Wednesday, April 6, 2011

Dappled praise

I was going to write about mixed-language stage plays today, and I may get to that (if not, stay tuned--it's one of my ongoing preoccupations, sure to reappear), but dabbling around, sampling other people's blogs, I came across the Poetry Society of America's request that people share via Twitter the line of poetry that first made them fall in love with the art. 

The line that jumped to mind was "Praise God (sic) for dappled things." (When I went to look for the poem, it turns out--surprise, surprise!--I had misremembered that first line; should be "Glory to God.") Anyway, it's the dappled things I remember, the quilted landscape, the piper. When we read Gerard Manley Hopkins' Pied Beauty in English Lit. (or was it AP?) I was already in love with poetry and writing lots of poems. I was the preached-to choir. But I remember the relish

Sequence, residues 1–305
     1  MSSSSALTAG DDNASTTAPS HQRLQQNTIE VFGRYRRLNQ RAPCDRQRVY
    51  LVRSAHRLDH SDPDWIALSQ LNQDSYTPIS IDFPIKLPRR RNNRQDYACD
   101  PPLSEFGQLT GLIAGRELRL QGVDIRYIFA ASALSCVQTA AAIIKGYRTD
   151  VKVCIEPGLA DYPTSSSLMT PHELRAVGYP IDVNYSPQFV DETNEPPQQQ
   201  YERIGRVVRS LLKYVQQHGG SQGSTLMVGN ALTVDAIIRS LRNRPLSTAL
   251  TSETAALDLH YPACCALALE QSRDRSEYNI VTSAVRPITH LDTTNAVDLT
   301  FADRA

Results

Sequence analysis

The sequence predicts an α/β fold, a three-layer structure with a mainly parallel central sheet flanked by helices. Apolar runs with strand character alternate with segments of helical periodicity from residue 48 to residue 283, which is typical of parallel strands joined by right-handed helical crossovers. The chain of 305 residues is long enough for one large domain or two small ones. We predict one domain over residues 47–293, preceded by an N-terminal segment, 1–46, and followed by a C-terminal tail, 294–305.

mischievous glint
true generosity

with which Mrs. Niblock presented the poem. She loved it. Loved the sound of the words and the strange combinations that are nonetheless just right and the message, too: the crumpled, pied, dappled, unexpected is beautiful, worthy of praise. When I was there, Helen Niblock was legendary at East Lansing High School. She stood at the front of the class in her pink and black houndstooth suit, matching salt-and-pepper hair piled in a disarranging bun, and pulled us into the poem. So this is my small shout-out in her memory. I have held Hopkins' lines, and her teaching of them, in the back of my mind ever since: "rose-moles all in stipple upon trout that swim"-- praise them!

(other poetry-related blogs I've enjoyed today: Giving up the Ghost and Cut out the Stars)


  1. One of my favorite poems of all time. And thanks for letting me know about that hashtag. Hadn't seen it!

  2. A great exercise for anyone who loves poetry. The foundational verses for me would have to be either "Turning and turning in the widening gyre" or "I should have been a pair of ragged claws / Scuttling across the floors of silent seas." Who can read the latter without feeling a prehistoric shiver?

  3. Great lines, Michael! I don't recognize the ragged claws / scuttling. . . Point me to the poem?